5 Tips to Teach Your Dyslexic Child to Read

Teaching your child to read is a huge milestone, but kids with dyslexia struggle, leading to frustration. When kids struggle to read, they drag their feet and hate the lessons. We want to raise kids who love to read not dread it! 

If your child is struggling to read, his teacher may notice the signs of dyslexia. If you homeschool as we do, you will notice reading doesn't come quite as easy. Speak to your pediatrician. Getting an evaluation is easy and best done earlier! 

Here are some tips to help teach your dyslexic child to read.

1. Understand How Dyslexic Child Learn

Traditional methods won't work for your child. Instead, the approach must be individualized. What works for one child may not work for another. Reading instruction should include all the senses - seeing, hearing, feeling, and motion. 

Everything is explained to the child, such as why they need to learn it. Don't assume your child will understand why it's a necessity. Tasks should move from simple to complex after mastery. Your child should not have words he can't sound out because he doesn't know the rules yet.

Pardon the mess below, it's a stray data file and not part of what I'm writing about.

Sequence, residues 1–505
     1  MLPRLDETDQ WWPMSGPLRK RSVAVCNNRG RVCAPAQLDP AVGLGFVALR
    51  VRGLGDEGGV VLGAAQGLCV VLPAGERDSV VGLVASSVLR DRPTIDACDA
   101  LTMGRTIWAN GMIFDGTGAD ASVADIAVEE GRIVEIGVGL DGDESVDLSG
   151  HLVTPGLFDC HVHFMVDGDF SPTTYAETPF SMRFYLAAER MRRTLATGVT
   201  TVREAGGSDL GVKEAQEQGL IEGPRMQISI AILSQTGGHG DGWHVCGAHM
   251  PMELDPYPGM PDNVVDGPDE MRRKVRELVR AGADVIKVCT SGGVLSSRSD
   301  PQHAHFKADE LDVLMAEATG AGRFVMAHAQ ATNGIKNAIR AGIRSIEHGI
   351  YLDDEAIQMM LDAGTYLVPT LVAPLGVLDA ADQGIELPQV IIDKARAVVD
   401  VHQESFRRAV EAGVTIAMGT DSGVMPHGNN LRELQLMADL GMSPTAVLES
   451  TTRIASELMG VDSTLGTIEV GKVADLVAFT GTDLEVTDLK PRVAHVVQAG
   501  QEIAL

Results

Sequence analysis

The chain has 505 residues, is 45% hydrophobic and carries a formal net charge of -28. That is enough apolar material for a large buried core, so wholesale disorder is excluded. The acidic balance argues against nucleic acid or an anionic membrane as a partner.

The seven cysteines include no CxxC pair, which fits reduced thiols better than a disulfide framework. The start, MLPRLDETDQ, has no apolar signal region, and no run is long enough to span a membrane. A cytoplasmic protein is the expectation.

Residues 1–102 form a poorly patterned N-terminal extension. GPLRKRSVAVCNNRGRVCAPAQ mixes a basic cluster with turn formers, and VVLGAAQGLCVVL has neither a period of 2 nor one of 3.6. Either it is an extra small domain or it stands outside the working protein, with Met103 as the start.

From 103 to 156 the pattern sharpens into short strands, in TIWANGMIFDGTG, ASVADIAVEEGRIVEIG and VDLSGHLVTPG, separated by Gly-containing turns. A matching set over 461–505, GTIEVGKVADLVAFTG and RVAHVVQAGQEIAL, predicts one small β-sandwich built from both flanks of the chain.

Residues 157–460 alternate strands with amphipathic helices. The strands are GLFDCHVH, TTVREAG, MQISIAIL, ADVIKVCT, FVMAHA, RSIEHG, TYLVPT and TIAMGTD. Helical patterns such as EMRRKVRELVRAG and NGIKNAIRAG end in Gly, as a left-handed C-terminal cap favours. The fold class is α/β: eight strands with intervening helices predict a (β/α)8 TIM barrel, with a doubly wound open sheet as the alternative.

2. Repetition is Key

Your child needs to repeat everything several times to help his short-term memory. Try to have your child write the letters down as well. Writing in salt is always fun! 

Always remember to connect new skills to previously learned ones. Refresh his memory first before starting a new skill. Dyslexic children learn better if they can associate it what they already know. 

3. Reinforce, Reinforce

Don't be afraid to reinforce concepts. Actually, reinforcement is one of the keys to learning how to read. Go over the sounds of each letter each day, even if they "have" it. Continuing to use that skill will help them not forget the sounds, and it helps their confidence level! 

Remember that dyslexic kids often feel "stupid" compared to their peers. Use these reinforcement times to help boost their confidence. "Buddy, you know so many of your letter sounds!." "You sounded out those words so quickly. I'm proud of you." 

Soak in that positiveness to help his confidence and self-esteem! 

4. Try Some Memory Aids

Memory aids are great tools for hard sounds or words that your child is struggling to understand. He can pretend to bite an apple for the short A sound. Come up with rhymes or motions that your child can use to jog his memory.

Try an alphabet song that uses all of the letter sounds. 

5. Make a Word Wall

Here is another way to build his self-esteem. When your child masters a word, he gets to add it to his word wall. Then, he can use this wall for spelling practice and assignments. Your child can write directly on the wall or tape index cards to it. 

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